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Adventures in Puppet: concat module

Posted on Wednesday, 4 August 2010

R.I. Pienaar has a Puppet module on github called "concat". Its premise is very simple, it just concatenates fragments of text together into a particular file.

I'm sure that a more seasoned Puppet veteran would have had this running in no time, but since it introduced some new concepts for me, I thought I'd throw up some notes of how I'm using it. I was particularly interested in an example usage I saw which lists the puppet modules a system is using in its /etc/motd, but because of the way Ubuntu handles constructing the motd, I needed to slightly rework the example. In Ubuntu, the /etc/motd file is constructed dynamically when you log in - this is done by pam_motd which executes the scripts in /etc/update-motd.d/. One of those scripts (99-footer) will simply append the contents of /etc/motd.tail to /etc/motd after everything else - my example will take advantage of this. If you are already using motd.tail, you could just have this puppet system write to a different file and then drop another script into /etc/update-motd.d/ to append the contents of that different file.

This is what I did:


  • git clone http://github.com/ripienaar/puppet-concat.git

  • Move the resulting git branch to /etc/puppet/modules/concat and add it to my top-level site manifest that includes modules

  • Create a class to manage /etc/motd.tail. In my setup this ends up being /etc/puppet/manifests/classes/motd.pp, which is included by my default node, but your setup is probably different. This is what my class looks like:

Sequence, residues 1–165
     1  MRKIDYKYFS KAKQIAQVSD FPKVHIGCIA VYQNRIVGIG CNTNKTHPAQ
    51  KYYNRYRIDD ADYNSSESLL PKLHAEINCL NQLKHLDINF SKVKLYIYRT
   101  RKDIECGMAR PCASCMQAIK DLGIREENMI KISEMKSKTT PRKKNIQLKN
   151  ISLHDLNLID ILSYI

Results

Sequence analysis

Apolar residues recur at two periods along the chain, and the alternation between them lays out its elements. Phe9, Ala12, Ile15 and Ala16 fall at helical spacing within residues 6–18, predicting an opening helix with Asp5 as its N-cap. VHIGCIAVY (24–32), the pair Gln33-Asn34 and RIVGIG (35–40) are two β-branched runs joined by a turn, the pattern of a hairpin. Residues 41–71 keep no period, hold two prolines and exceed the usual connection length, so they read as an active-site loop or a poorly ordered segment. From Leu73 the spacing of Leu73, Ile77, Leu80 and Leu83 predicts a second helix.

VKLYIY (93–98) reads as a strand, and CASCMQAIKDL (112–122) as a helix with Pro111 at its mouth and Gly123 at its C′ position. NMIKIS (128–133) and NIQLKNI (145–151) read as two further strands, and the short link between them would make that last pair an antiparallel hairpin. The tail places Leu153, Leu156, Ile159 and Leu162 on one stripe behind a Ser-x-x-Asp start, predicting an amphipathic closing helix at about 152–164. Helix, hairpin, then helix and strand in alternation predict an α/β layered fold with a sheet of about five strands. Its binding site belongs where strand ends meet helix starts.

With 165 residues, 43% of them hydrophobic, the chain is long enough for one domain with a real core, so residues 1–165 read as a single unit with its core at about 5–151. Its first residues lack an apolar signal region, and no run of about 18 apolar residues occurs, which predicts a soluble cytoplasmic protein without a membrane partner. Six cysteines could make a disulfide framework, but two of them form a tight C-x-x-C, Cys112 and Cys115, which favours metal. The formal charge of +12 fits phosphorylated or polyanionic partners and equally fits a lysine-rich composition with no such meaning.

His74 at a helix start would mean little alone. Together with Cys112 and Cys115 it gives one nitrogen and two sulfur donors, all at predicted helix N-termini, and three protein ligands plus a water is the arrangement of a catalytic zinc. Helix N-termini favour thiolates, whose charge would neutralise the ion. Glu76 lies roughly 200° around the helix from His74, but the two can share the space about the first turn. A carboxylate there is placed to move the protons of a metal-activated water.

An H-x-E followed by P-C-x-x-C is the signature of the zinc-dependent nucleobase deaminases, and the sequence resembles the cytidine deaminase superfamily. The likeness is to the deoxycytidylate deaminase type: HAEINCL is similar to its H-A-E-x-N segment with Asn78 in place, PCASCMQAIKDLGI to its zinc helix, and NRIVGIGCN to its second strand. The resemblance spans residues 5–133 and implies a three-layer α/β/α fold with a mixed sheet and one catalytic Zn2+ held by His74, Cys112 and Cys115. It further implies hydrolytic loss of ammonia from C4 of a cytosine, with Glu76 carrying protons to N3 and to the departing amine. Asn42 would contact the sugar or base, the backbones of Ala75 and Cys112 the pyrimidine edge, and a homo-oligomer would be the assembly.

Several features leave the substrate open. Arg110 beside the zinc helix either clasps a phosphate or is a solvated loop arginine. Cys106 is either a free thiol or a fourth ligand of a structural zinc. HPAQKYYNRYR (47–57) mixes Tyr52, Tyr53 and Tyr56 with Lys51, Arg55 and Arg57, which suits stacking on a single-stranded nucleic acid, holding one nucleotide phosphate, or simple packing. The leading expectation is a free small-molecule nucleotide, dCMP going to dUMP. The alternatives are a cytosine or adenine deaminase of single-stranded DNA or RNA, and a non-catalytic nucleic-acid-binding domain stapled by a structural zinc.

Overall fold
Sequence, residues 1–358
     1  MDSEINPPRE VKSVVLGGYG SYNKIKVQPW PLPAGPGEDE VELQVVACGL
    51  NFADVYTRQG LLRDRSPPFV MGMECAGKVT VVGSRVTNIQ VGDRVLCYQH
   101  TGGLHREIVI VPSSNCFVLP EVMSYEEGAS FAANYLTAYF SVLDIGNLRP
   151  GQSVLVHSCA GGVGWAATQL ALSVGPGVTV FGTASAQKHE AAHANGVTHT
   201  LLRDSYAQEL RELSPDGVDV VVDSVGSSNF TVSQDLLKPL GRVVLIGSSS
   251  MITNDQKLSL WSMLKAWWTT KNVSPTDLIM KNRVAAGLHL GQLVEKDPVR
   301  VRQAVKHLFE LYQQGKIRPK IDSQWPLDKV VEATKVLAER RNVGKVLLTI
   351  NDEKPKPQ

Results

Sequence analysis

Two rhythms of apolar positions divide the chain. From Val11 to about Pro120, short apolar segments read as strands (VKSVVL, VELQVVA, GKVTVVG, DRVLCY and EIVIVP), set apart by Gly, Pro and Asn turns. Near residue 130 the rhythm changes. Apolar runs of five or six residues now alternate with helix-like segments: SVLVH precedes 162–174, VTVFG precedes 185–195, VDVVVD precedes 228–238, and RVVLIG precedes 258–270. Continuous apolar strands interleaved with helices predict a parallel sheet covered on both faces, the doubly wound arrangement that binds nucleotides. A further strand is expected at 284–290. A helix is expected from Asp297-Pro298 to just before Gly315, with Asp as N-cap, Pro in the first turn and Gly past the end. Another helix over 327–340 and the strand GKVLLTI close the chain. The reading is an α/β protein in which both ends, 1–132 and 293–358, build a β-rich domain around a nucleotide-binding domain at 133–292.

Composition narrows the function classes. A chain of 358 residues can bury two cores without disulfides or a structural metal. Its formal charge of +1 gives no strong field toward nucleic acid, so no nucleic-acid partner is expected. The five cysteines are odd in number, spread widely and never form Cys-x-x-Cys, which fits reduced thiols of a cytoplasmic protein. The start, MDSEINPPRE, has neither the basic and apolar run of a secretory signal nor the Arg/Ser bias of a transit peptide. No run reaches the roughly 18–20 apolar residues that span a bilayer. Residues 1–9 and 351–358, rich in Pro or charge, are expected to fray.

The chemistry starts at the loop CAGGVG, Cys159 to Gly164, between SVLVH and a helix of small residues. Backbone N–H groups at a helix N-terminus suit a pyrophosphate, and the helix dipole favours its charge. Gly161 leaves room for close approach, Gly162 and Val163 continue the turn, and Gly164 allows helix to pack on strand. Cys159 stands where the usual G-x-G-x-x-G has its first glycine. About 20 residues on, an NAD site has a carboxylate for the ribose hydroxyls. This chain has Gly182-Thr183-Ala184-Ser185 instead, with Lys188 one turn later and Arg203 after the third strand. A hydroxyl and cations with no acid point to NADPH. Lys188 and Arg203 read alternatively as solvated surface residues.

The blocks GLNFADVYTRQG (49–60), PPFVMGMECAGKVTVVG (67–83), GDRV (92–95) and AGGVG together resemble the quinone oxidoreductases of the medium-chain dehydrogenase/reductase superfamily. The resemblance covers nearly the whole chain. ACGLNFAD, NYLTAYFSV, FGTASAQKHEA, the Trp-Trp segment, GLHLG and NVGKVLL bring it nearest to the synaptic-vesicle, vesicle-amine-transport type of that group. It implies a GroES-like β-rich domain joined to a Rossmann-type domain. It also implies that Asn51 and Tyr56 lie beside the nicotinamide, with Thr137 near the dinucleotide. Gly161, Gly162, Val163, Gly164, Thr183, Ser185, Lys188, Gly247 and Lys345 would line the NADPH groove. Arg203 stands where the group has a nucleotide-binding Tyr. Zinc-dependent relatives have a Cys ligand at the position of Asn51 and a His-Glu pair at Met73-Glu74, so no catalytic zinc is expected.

class motd {
include concat::setup
$motdfile = "/etc/motd.tail"

concat{$motdfile:
owner => root,
group => root,
mode => 644
}

concat::fragment{"motd_header":
target => $motdfile,
content => "\nPuppet modules: ",
order => 10,
}

concat::fragment{"motd_footer":
target => $motdfile,
content => "\n\n",
order => 90,
}
}

# used by other modules to register themselves in the motd
define motd::register($content="", $order=20) {
if $content == "" {
$body = $name
} else {
$body = $content
}

concat::fragment{"motd_fragment_$name":
target => "/etc/motd.tail",
content => "$body ",
order => $order
}
}

So that's quite a mouthful. Let's break it down:

  • We have to include concat::setup so the concat module can...set... up :)

  • We then set a variable pointing at the location of the file we want to manage

  • We then instantiate the concat module for the file we want to manage and set properties like the ownership/mode

  • We then call the concat::fragment function for two specific fragments we want in the output - a header and a footer (although I do this on a single line, so it's the phrase "Puppet modules" and "\n\n" respectively). They're forced to be header/footer by the "order" parameter - by making sure we use a low number for the header and a high number for the footer, we get the layout we expect.

  • Outsite this class we define a function motd::register which other modules will call and the content they supply will be handed to concat::fragment with a default order parameter of 20 (which is higher than the value we used for the header and lower than the footer one).


Finally, in each of my modules I include the line:
motd::register{"someawesomemodule":}

and now when I ssh to a node, I see a line like:
Puppet modules: web ssh 

It's a fairly simple little thing, but quite pleasing and from here out it's almost zero effort - just adding the motd::register calls to each module.

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